Probably the dead giveaway in advanced technique books is how they are organized. Some books are organized according to certain techniques. Some are organized according to scales, arpeggios or certain repertoire. You immediately begin to sense what drives this particular book and if that drives you maybe you should get the book. But none of these things really drive me. My interest in music is generally broader and more inclusive than any of these books tend to be. So I’ve never been satisfied with them and certainly never spent any time [with] them. I don’t even heavily recommend them. Probably they can’t hurt as long as you use them to get ideas. I think the only way they can hurt is if you take them as a Bible and believe what they say. If you use them as a source to get some ideas on how to play any of them can be valuable. Nobody’s got a total handle on it so don’t get too stuck on one book.
What techniques did you employ to develop your strong and fluid vibrato?
In my own case it’s not something I worked very hard for. I heard people with vibratos I liked and I imitated them. I did a few exercises early on but I don’t even know how constructive that was. It was very much an imitative thing for me. I heard Gary Karr do his vibrato. I liked it and I learned how to do it. I heard Gary Hoffman do his and I learned as well as I could to do his. Different people whose sound I really liked I tried to pick up. In all cases I had some access to these people, I knew them, I could see them play, I could see what they were doing physically, and I heard them. I heard what they were doing. If I hear a sound I like, I figure out how to get it.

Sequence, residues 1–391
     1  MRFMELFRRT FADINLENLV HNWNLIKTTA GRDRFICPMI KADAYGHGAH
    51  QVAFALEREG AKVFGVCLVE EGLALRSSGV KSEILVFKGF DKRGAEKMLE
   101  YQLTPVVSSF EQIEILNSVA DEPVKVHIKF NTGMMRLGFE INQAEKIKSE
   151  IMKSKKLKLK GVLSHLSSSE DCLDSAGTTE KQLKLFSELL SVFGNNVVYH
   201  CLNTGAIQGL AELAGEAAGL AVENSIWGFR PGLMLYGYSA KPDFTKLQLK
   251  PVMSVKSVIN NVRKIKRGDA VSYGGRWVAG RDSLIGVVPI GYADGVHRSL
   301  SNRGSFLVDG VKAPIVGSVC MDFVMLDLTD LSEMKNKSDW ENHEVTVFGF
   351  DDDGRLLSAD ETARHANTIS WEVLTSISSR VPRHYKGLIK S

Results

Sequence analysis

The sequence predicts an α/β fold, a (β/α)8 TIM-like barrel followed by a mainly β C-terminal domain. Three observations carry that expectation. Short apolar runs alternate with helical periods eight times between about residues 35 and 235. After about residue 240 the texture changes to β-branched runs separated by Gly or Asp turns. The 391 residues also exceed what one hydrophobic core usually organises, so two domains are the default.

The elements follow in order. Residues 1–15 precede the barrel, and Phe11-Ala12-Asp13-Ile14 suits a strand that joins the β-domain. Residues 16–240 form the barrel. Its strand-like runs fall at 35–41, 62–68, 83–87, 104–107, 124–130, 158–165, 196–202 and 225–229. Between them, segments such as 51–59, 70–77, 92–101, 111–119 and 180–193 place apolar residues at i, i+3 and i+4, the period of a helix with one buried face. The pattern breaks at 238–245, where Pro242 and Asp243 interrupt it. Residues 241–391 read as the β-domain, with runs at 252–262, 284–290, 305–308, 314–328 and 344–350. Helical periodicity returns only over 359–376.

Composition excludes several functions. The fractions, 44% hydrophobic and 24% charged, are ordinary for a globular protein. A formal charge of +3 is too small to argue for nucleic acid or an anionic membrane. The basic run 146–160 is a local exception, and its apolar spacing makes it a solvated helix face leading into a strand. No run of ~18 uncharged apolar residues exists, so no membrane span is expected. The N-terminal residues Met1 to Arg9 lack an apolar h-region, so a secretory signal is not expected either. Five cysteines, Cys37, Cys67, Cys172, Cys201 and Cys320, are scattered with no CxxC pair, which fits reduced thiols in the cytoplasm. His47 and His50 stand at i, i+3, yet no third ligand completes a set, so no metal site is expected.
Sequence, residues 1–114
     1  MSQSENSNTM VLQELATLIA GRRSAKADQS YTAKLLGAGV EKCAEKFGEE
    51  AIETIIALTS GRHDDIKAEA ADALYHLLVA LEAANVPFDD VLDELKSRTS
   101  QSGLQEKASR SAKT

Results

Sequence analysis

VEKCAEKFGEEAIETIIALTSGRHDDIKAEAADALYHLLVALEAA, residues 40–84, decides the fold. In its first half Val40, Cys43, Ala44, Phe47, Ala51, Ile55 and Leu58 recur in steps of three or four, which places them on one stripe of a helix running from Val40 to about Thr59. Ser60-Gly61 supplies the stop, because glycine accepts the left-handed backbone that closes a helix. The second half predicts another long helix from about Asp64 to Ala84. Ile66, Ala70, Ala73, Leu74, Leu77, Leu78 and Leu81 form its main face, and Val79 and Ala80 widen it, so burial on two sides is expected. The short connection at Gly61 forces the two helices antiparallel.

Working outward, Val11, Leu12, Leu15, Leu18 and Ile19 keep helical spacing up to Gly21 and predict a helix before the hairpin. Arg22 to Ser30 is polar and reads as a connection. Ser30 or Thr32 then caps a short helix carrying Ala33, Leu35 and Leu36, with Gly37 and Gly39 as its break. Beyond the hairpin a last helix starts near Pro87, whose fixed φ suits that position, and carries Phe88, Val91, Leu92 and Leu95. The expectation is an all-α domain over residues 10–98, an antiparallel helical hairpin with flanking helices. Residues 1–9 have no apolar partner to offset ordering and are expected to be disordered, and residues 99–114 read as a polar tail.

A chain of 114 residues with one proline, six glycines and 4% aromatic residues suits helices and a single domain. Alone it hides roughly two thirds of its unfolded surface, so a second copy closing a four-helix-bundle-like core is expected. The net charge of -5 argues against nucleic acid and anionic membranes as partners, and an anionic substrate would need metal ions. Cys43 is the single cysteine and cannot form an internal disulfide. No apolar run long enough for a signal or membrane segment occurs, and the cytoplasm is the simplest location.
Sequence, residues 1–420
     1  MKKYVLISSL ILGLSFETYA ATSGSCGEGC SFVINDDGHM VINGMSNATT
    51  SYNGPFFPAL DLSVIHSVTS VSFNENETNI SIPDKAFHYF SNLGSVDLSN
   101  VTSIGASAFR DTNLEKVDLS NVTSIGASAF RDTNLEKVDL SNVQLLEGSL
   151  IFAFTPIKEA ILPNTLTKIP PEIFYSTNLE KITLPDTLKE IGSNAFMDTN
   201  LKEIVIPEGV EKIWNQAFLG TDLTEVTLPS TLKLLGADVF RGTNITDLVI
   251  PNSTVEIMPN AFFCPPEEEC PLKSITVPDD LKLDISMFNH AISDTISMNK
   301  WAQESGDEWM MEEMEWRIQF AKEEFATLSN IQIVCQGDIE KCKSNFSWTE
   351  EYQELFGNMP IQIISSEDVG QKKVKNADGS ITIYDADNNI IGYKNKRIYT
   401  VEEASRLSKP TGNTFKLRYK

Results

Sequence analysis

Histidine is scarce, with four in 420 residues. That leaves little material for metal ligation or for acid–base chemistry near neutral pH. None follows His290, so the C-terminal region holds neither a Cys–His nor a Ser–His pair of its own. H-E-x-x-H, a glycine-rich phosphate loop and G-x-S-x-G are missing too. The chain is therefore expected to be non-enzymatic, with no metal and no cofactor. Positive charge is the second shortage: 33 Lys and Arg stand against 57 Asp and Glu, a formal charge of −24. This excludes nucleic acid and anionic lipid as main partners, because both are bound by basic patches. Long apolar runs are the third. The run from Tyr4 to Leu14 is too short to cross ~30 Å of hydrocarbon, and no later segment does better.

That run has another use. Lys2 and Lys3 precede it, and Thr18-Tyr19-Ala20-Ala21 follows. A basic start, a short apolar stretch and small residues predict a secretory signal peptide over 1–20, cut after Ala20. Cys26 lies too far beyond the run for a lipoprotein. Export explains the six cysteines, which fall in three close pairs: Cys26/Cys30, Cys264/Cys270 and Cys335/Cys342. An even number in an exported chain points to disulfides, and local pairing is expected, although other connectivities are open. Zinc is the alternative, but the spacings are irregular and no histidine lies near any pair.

The specific techniques of it are- a certain strength and liquidity of the hand is very nice, very useful. Using extra fingers can be really useful if you want a very wide vibrato. That can be a somewhat dangerous thing to do because you end up with a lot of immobility for shifting by using extra gingers. Then you just hear more of the shifts and you have to make more shifts.
How do you achieve the voice-like quality of your playing?